The thyroid controls many body processes, including bowel function, energy level and menstruation.
An underactive thyroid slows metabolism, creating hypothyroidism. Symptoms include unexplained weight gain, decreased appetite, feeling too cold, oversleeping, constipation, hair loss, reduced sex drive, infertility, depression and excessive fatigue.
An overactive thyroid speeds up your metabolism, a condition called hyperthyroidism. Symptoms include unexplained weight loss, increased appetite, feeling too hot, sleeping troubles, pounding heartbeat, diarrhea and feeling wound-up.
What’s optimal for your health: TSH from 0.4 to 4.0 mIU/L (milli-international units per liter)
What’s not: Over 4.0 mIU/L indicates hypothyroidism. Under 0.4 means hyperthyroidism.
5. Blood Sugar
A blood glucose test can indicate if your body is processing blood sugars properly and whether you’re at risk for diabetes, one of the leading causes of disability and death in the U.S.
When you eat, food is converted into blood sugar. In healthy people, a hormone called insulin, which is secreted by the pancreas, ushers glucose into cells throughout your body so it can fuel growth, cell repair and other functions.
In some people, insulin doesn’t do its job, either because the pancreas, a gland behind the stomach, doesn’t make enough or because the body is resistant to it. The result: Too much glucose stays in the blood and diabetes develops. Over time, excess blood sugar can damage blood vessels, heart, kidneys, eyes and nerves.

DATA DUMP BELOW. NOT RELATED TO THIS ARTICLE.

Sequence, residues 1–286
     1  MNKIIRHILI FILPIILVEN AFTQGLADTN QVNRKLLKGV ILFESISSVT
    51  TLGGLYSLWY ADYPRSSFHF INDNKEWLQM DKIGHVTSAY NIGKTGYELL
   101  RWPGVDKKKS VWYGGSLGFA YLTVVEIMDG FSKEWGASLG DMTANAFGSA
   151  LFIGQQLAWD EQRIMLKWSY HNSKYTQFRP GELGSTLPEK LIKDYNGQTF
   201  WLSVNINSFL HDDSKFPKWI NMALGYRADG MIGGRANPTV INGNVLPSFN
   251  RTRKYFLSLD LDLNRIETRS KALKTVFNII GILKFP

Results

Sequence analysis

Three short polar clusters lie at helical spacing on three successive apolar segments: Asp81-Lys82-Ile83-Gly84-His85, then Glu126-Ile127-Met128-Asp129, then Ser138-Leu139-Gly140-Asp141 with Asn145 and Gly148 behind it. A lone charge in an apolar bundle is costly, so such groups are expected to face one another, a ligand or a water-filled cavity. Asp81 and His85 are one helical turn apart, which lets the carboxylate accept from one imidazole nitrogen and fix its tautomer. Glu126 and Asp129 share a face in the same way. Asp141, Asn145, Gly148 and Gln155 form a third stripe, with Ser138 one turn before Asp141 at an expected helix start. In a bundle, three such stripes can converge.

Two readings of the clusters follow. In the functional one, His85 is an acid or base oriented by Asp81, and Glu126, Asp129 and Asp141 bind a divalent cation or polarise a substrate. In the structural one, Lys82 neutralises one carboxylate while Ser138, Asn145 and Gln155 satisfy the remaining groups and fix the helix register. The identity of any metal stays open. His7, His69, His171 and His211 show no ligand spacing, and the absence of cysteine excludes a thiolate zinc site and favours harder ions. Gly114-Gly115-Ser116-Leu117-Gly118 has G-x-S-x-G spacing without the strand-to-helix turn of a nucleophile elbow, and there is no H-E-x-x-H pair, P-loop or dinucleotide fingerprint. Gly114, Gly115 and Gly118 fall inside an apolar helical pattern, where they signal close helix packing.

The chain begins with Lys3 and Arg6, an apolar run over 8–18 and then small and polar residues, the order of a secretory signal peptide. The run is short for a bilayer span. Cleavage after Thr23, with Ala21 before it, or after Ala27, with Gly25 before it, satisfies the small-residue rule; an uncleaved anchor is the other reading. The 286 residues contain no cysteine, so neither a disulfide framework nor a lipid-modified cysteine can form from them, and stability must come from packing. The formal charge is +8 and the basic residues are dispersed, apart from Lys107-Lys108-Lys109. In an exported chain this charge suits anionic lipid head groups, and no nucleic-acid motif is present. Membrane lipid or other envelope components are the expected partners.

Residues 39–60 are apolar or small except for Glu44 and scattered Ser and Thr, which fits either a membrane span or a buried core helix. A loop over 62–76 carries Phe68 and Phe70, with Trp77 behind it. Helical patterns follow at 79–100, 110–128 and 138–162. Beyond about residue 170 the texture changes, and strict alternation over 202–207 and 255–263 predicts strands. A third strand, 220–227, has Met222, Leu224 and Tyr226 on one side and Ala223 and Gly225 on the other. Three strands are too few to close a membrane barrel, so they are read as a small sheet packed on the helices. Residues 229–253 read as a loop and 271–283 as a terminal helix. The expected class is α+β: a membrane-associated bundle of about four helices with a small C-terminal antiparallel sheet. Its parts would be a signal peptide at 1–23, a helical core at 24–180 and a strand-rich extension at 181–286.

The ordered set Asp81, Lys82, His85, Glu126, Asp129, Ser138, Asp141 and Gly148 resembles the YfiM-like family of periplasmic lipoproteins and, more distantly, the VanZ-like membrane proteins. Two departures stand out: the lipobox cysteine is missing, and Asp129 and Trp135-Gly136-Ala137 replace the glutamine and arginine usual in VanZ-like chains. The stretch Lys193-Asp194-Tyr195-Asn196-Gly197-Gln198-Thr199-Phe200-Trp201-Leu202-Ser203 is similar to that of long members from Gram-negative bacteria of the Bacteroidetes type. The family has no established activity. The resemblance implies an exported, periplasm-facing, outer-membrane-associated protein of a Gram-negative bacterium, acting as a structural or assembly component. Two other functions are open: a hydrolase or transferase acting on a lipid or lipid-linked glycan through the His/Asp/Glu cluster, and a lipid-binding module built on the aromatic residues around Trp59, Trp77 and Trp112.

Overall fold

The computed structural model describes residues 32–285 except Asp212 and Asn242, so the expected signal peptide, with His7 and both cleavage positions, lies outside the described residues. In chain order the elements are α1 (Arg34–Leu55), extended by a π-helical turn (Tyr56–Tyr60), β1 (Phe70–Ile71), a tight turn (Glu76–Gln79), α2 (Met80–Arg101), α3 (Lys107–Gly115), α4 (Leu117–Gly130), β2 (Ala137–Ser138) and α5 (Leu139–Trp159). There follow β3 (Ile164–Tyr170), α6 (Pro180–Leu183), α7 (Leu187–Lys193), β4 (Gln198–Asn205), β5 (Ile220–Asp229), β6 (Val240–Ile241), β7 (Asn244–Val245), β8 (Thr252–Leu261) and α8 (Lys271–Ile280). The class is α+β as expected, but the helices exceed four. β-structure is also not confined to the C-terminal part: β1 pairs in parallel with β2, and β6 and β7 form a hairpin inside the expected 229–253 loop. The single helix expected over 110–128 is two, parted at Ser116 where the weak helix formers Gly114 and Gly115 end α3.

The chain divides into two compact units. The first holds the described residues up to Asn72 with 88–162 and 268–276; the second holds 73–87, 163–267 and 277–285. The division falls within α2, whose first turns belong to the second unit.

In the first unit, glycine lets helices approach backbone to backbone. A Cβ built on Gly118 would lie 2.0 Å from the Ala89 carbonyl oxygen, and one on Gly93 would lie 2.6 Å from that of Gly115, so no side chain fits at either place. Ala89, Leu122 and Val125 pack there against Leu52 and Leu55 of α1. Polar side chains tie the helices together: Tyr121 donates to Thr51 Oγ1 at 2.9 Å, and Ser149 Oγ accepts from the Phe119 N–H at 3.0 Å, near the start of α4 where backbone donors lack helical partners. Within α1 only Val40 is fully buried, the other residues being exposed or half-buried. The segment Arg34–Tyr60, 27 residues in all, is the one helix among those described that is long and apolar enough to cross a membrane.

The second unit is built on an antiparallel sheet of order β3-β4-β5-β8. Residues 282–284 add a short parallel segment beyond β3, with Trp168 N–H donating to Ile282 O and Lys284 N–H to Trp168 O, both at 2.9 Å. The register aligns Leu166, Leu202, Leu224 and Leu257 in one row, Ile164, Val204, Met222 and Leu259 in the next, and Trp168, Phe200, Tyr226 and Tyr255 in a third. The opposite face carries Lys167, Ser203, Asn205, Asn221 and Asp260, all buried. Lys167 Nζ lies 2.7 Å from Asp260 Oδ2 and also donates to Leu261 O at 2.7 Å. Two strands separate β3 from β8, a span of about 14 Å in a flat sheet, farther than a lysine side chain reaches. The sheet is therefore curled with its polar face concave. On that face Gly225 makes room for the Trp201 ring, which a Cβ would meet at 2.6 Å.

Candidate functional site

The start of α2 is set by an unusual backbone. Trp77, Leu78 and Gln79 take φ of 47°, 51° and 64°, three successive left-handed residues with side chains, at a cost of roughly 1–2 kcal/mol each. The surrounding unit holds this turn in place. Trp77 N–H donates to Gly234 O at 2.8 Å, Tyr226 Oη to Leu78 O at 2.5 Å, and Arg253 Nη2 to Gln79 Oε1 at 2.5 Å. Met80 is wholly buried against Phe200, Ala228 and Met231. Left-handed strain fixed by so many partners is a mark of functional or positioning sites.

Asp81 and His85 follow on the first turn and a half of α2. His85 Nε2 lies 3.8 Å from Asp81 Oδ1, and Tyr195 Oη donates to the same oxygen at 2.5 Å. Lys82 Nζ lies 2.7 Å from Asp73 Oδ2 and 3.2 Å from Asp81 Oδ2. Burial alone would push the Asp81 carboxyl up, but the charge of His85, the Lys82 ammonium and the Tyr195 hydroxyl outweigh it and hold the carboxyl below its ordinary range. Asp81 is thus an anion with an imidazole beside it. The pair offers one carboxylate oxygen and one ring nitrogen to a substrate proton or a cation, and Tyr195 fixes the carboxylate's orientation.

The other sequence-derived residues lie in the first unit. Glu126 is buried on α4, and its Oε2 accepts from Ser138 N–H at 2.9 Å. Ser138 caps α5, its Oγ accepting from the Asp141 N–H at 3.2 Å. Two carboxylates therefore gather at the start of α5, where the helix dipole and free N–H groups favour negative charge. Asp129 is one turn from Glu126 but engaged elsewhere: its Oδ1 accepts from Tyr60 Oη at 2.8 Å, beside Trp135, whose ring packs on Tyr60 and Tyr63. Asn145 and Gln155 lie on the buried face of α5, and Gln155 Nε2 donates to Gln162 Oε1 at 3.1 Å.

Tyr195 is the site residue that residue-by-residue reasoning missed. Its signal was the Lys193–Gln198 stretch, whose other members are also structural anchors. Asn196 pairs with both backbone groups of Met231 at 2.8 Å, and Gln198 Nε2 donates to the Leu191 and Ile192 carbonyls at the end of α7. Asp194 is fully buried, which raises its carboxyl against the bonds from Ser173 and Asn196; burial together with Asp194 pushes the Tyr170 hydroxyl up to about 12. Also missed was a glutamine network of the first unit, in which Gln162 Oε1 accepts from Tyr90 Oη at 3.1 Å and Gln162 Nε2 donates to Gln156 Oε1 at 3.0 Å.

Three medical tests measure blood sugar levels: Hemoglobin A1C, fasting plasma glucose test (FPG) and oral glucose tolerance test (OGTT). Most doctors will do an FPG or OGTT, but the hemoglobin A1C is considered the most reliable.
“It shows how high blood sugars have been over the last three months,” says Laura C. Knobel, M.D., a family physician in Walpole, Mass., and a member of the Board of Directors of the American Academy of Family Physicians.
What’s optimal for your health: An A1C under 5.7%, an FPG under 100 mg/dL or OGTT below 140 mg/dL
What’s not:An A1 from 5.7% to 6.4% indicates pre-diabetes; over 6.4% is considered diabetes.
- FPG: 100-125 mg/dL indicates pre-diabetes; over 125 indicates diabetes
- OGTT: 140-200 mean pre-diabetes; over 200 is diabetes
6. Bone Mineral Density (BMD)
Doctors use bone mineral density tests to gauge skeletal health. The denser your bones, the stronger they are. But when they lose calcium (their primary substance) because of aging, poor diet, lack of exercise or a genetic predisposition, they become less dense, resulting in osteoporosis.
BMD test measures bone density against that of a healthy 30-year-old woman. The comparison is used to determine a T-score. A score of 0 means your bones are equal to that of a healthy 30-year-old. Higher numbers indicate stronger bones; lower indicates weaker ones.
With a BMD test, you may also get a Z-score, comparing your bone density to women your age. A Z-score is a less accurate way to diagnose osteoporosis, but it can tell your doctor if you’re starting to lose calcium.
What’s optimal for your health: A T-score of minus 1 to plus 1 and a Z-score above minus 2 is normal.
What’s not: T-scores from minus 1 to minus 2.5 indicate low bone density – a condition known as osteopenia.
- A T-score lower than minus 2.5 indicates osteoporosis. Z-scores below minus 2 require more testing.